Today I marched for Moko.
It was a first for me. I’m not a protestor, silent or otherwise. I have been known to mock those who hikoi for a purpose… and have said on many occasions that ‘there is no issue I believe strongly enough that would ever make me participate in a protest or march’.
And yet, here I was today. One in a crowd of hundreds, in the freezing torrential rain. Walking shoulder to shoulder with strangers, sad and silent in our dreary march down the main street of Taupō.
We were there for Moko. We were there for the 200+ other children who have been killed by the hands of others in New Zealand. We were there for justice. We were there for change.
As a community, Taupō came out in force today and I was proud to be part of it. As a Mum, the story of Moko completely broke my heart. And as a Taupō resident and someone who passionately advocates for how amazing Taupō is as a place to live, work and play, this case made me physically sick.
So, what did I learn from my virgin protest?
I discovered that the roll call of murdered children in New Zealand takes longer than ten minutes to read out loud. And each name hurts.
I heard a father of a murdered child speak. His words will resonate with me, always.
My son is 847 days old today. He is lucky to have been born into a middle-class family, who live in a pleasant neighbourhood with two loving parents who are financially able to support their kids. He is not marginalised nor representative of a minority group. He is loved, universally and unequivocally. He has never known hunger, violence, neglect or torture. I pray (to a God I don’t really believe in) that he never does. He is my world, and yet I truly don’t believe he is entitled to anything special or extra above what every child is entitled to. A loving, safe and stable home, a home that is free of violence and full of love, a place where a child can grow, explore, play and just ‘be a kid’.
Sometimes he is a little shit. And sometimes he gives me the shits. But I am lucky in that I was raised in a home where values and respect reigned. I wasn’t abused as a child because my parents knew other tools and techniques for discipline. I wasn’t perfect. No one is. But my parenting skills are a reflection of that I experienced as a child and I’m confident that my children will grow up to be awesome parents as they will be shown guidance and leadership from their parents.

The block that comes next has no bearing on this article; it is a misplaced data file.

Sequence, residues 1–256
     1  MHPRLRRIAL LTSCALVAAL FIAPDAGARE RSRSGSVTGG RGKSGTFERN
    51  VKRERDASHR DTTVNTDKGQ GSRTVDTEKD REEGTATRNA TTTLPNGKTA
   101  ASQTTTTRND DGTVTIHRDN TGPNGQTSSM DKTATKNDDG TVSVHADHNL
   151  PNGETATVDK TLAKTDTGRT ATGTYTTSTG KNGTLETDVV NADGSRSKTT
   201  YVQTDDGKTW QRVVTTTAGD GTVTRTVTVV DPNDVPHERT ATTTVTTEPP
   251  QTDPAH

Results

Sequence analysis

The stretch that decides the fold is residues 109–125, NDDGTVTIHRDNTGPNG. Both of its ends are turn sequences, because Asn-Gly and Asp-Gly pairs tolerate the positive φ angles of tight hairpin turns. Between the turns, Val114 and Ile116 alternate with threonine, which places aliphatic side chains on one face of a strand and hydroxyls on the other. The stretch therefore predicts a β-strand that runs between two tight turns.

And there’s the biggest challenge for our society.
We need to break the cycle. We need to educate parents of all ages and stages to enable them to be better parents. We need to empower them with tools and techniques to help them deal with the hard times without resorting to physical violence. We need to be brave enough to remove children who are at risk before they become a statistic. And we need to have safe, stable and caring foster homes for these children to live in. We need to embrace parenting as a job - reward and acknowledge those who do it well – and support those who struggle.
This is not a brown problem. Nor is this a white problem. It’s not God’s problem. It’s not the State’s problem. It is OUR problem. It takes a village to raise a child, and it also takes a village to keep our children safe.
I can only hope that some good arises from this tragedy. I guess time will tell.
|Taupo crowd squeezes into the Great Lake Centre at today's March for Moko|